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How does this evocation fit with your reading of the relationship between Emma and Harriet?

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Introduction

...Emma had very early foreseen how useful she might -find her...; a Harriet Smith...one, whom she can summon at any time for a walk, would be a valuable addition to her privileges.' How does this evocation fit with your reading of the relationship between Emma and Harriet? From what the quotation title tells us, we learn straight away that Emma Woodhouse is a rich and very privileged girl and Harriet Smith is na�ve an orphan and poor, of a lower social class than her and has become her friend. She seems to be the perfect person for Emma to make use of like she did with Miss Taylor but doesn't realise that she is only being used by Emma who 'lost no time in inviting, encouraging and telling her to come very often; and as their acquaintance increased, so did their satisfaction of each other'. Emma was glad when she heard that Harriet Smith was to accompany Mrs Goddard on a trip because she 'had long felt an interest in, on account of her beauty...and the evening no longer dreaded by the fair mistress of the mansion' Emma sees Harriet as a weak and vulnerable woman, which the modern reader is most likely to agree with, and she decides to take charge of her life for her. ...read more.

Middle

This is social snobbery on Emma's part because she is assuming a lot of things, which aren't true and also brings out a bit of naivety in her. She doesn't believe that Mr Martin wrote the letter but it was not written in a woman's style. She is really afraid that Harriet will marry Mr Martin and ridiculously concludes that writing letters is his only gift. She makes up lies to put Harriet off him. Emma has only met Mr Martin once and through that meeting she let's her ideas about class form her opinion of him. She puts Harriet in a difficult position that she would rather not be in saying that if she married Mr Martin then they would never be able to be friends again. She is not a true friend to Harriet because if she was then she would accept Harriet for who she was and not try and make her a better person through her selfish ways. Emma is also emotionally blackmailing her given that she is telling Harriet that the society that Mr Martin belongs to is vulgar and illiterate. 'A woman is not to marry a man merely because she is asked, or because he is attached to her, and can write a tolerable letter'. ...read more.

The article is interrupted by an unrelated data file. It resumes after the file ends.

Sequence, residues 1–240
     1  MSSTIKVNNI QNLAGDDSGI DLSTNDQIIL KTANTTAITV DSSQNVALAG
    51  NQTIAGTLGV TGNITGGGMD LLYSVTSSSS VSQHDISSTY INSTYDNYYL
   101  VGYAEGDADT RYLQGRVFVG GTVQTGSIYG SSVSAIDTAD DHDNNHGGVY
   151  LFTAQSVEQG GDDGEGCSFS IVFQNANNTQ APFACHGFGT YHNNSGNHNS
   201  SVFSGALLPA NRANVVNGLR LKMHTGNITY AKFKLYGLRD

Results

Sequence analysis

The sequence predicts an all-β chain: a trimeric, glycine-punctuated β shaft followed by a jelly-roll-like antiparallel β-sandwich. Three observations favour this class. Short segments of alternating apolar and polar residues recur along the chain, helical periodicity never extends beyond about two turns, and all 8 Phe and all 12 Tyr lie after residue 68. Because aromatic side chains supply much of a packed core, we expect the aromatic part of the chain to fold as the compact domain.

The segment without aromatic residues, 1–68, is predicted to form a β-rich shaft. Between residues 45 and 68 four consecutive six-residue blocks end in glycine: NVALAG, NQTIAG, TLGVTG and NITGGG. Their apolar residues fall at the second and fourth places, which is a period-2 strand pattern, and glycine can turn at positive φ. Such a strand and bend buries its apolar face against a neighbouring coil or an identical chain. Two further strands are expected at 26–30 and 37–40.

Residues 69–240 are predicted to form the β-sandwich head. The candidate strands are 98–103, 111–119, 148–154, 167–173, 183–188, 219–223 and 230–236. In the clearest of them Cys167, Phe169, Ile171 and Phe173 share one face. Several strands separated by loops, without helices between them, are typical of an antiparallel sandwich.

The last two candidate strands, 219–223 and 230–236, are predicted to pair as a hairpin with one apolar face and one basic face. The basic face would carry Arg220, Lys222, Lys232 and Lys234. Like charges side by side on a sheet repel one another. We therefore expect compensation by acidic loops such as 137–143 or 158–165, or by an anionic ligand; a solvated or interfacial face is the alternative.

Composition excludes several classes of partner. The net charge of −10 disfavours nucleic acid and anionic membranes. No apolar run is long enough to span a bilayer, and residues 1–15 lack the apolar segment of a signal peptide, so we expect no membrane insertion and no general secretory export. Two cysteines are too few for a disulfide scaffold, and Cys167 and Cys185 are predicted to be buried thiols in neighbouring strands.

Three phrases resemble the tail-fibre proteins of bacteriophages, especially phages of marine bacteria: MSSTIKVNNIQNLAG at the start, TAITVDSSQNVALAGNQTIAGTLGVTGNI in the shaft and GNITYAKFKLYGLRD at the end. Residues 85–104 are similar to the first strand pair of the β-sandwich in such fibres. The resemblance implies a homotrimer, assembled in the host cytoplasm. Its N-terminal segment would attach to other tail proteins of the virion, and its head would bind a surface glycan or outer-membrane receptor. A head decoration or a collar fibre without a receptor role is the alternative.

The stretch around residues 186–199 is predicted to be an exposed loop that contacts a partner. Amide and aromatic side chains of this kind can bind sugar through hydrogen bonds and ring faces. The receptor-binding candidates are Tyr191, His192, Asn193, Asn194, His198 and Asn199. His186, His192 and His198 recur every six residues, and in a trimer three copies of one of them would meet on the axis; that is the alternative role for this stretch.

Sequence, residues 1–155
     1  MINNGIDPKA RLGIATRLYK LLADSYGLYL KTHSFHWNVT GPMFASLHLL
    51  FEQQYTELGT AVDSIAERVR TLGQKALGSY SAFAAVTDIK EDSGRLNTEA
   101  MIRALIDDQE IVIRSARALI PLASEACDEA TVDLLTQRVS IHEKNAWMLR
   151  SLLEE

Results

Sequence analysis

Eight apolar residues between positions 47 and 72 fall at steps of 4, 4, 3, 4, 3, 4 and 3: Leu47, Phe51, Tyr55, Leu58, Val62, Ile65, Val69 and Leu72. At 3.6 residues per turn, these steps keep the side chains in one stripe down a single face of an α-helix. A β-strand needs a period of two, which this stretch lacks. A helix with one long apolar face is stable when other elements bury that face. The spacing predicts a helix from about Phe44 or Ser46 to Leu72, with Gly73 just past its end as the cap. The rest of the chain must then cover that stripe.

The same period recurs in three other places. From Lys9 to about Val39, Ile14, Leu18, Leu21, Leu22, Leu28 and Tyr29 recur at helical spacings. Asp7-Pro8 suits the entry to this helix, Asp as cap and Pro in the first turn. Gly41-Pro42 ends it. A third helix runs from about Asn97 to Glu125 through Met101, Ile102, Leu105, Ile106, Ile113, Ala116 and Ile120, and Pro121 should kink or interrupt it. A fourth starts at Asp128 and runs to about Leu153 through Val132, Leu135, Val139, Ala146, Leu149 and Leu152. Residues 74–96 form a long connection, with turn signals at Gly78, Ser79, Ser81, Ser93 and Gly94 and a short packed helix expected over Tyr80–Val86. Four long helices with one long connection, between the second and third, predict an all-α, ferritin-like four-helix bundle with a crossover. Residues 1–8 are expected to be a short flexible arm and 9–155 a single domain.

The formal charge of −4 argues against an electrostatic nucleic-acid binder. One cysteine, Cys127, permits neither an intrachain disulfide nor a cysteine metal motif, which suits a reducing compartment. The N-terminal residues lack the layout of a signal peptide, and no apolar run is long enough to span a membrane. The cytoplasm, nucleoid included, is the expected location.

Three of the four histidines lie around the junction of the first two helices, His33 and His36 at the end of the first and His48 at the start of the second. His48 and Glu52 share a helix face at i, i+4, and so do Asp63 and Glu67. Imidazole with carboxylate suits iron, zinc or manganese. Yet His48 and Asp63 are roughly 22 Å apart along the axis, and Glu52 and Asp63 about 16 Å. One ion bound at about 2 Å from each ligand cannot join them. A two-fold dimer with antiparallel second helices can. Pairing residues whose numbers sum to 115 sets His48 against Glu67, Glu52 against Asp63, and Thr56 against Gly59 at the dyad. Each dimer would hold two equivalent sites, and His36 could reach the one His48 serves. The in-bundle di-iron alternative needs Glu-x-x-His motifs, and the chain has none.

Conclusion

From their very first meeting Emma has been very controlling of her and exercising her control telling Harriet whom she can see and meet up with. In reality, Emma actually treats Harriet quite badly and using her naivety to her advantage as she gradually gains complete control over her. 'She would detach her from society... becoming ... her leisure and her powers' she is cruel to Harriet and slowly breaks off her involvement with the Martins so that when she does eventually see them only for fifteen minutes on Emma's instruction 'they had received her doubtingly, if not coolly' The evocation that we, as a reader see, seems to fit perfectly with Emma and Harriet's relationship because Emma is so malicious and scheming although she probably doesn't mean to be malicious. Because Harriet is vulnerable and is not wise to the world, Emma is able to use Harriet for her own benefit and not because she really likes her. She sees her as someone to control now that Miss Taylor has married and instead of finding herself a teacher like her governess was to her, she finds a student, which happens to be Harriet. There are a lot of differences between Harriet and Emma but the actual relationship between them is very unequal as apparent within the novel. Emily Tamhne 03/05/2007 1 ...read more.

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